Octagon Academy Member Beatrice De Goede shares her experience as Assistant Director on REVEAL Festival production Flight.
A few years ago, I was going to attend one of the performances shown in the Octagon’s Reveal Festival, and as a young person, the play was simply a play that I was going to watch. However, after watching it, I started to kindle in myself a true appreciation and love for theatre.
When I was offered the position of Assistant Director on the production of the new play Flight by Nuzhat Ali in the Reveal Festival, I was not quite sure what to expect from the rehearsal and performance process, but I was excited to have the opportunity to be a part of the Reveal Festival preparation. The play describes the journey of a girl called Rahma and her father Ibraheem as they try to seek asylum away from their war torn home in Daascus, Syria. The story helps to present the struggles of those living in places which are corrupted by destruction and the purpose of its performance in the Reveal Festival was to gauge how to improve and develop the play further, if it is to have a life in the future.
Rehearsals began with only one week to prepare for an audience. Considering this, and working with a play as multifaceted, intense and touching as Flight, carrying the important message of the devastation in Syria and the desperation of its people, the company was faced with a challenge to do justice to the script and the people whose story it is. Over the week I was able to see the great development from the first run-through on the first day of rehearsals to the performance one week later.
"so memorable and raw"
As someone who is interested in the physicality and movement dimension of theatre, I was thrilled to be in rehearsals when the movement director Lesley came in to work on particular scenes in the play. For me, the movement really added to the pace and action of the play while also enhancing the intensity of the scenes. The scene involving the use of chloroform on a young girl before her kidnapping was fascinating to observe the development of, but also horrifyingly realistic to watch during the play.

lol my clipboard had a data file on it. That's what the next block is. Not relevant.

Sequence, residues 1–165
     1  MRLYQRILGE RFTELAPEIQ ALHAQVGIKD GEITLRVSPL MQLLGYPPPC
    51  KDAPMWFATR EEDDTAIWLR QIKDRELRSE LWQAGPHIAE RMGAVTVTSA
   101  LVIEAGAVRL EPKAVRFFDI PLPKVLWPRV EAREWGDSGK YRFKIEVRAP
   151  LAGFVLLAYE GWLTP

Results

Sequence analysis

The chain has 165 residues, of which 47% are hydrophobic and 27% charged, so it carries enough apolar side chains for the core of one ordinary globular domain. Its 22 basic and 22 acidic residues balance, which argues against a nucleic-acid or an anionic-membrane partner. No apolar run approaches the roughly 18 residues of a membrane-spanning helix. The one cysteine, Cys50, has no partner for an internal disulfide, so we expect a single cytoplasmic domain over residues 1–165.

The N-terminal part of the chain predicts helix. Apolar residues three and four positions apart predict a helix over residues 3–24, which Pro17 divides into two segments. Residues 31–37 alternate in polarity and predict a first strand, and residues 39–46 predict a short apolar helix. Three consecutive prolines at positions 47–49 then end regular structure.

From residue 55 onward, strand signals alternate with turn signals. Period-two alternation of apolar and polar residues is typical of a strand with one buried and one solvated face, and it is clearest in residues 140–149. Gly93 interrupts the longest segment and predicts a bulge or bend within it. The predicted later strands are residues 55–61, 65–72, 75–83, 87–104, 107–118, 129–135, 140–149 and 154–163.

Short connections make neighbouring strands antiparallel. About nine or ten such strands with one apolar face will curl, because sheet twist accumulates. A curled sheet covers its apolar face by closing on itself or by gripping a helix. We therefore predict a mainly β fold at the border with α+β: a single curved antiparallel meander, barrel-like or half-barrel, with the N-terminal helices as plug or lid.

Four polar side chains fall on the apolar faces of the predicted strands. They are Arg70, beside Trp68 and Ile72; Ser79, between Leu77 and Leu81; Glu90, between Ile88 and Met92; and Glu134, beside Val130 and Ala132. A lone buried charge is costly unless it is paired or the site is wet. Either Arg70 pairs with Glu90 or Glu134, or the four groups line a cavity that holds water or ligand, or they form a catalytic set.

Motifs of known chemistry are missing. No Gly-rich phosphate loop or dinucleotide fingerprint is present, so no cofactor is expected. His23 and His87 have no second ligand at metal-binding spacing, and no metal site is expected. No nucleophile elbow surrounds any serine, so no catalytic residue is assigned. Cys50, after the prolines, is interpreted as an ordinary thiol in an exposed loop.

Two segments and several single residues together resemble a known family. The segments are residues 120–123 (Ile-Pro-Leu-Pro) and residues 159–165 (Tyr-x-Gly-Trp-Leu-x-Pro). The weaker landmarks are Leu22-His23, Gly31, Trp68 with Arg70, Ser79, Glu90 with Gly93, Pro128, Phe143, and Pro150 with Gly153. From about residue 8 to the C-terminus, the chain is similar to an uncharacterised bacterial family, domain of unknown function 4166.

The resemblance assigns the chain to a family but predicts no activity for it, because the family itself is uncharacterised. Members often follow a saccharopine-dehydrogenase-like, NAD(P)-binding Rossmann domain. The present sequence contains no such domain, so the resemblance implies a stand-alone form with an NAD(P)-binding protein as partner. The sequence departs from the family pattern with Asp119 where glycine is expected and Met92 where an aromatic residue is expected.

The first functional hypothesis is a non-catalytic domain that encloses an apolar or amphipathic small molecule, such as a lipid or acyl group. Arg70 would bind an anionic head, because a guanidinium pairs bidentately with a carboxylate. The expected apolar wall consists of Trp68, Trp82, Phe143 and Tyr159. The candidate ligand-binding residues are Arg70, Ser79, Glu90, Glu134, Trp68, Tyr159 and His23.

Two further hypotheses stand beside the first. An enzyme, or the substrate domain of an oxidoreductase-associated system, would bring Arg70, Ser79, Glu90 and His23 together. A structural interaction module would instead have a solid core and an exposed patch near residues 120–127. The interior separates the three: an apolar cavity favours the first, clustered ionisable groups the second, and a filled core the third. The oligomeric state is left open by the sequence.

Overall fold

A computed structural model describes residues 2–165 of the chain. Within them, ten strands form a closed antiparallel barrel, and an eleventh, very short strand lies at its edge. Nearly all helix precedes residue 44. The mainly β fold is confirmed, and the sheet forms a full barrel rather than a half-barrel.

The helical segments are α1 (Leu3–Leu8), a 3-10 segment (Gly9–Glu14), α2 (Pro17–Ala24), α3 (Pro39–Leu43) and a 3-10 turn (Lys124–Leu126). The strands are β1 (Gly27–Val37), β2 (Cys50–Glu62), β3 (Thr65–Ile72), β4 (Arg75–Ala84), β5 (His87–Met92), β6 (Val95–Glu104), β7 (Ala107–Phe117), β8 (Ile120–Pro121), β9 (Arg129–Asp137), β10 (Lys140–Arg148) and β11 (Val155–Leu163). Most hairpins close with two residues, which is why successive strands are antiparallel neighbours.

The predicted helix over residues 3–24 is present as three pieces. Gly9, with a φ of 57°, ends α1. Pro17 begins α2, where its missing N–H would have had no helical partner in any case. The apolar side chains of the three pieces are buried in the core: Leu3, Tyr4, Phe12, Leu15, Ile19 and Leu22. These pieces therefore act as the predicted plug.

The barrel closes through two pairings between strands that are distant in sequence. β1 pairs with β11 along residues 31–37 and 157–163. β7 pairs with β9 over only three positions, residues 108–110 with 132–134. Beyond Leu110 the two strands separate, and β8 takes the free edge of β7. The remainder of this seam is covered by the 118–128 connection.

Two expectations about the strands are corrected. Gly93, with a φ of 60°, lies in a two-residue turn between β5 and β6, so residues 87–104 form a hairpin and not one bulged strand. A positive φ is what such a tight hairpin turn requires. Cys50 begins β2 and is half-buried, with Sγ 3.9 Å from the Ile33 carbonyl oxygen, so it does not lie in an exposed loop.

I think that, for me, another element that made Flight so memorable and raw was the venue of the performance. The play was performed in one of the buildings near to the Octagon Theatre, moving between courtyards and terraces for different locations in the play, all set outdoors. This brought to life the journey that the two refugees had to endure. Unfortunately, with the dependence on the British weather, it was unlikely that all would go smoothly. About two hours before the show, after a whole week of clear skies and dry weather, it began to rain. A vote led to the decision to contend with the elements and stand by our plans to hold the play outside. We wiped puddles off benches and prepared with umbrellas for the audience and though the rain was a nuisance, it added to the atmosphere of the journey and helped the story to make people try to empathise with the story and understand the struggles of those living in Syria.
As a teenager, it is hard to know what you want to spend your life doing, but the opportunity to be a part of this production is something that I am very grateful for. I have been so lucky to work with the cast of Flight and Janys Chambers, the director of Flight, who have helped me to see what working on a real production is like. Janys is so experienced and professional, and so, even just observing her during rehearsals has helped me to properly envision the world of directing, an opportunity that very few have the option to do.
I have really discovered a new sense of appreciation for theatre through my involvement in the rehearsals for Flight in the Reveal Festival, enriching the love I discovered from watching the play in the Reveal Festival a few years ago.
Beatrice De Goede
Photographs by Bolton Camera Club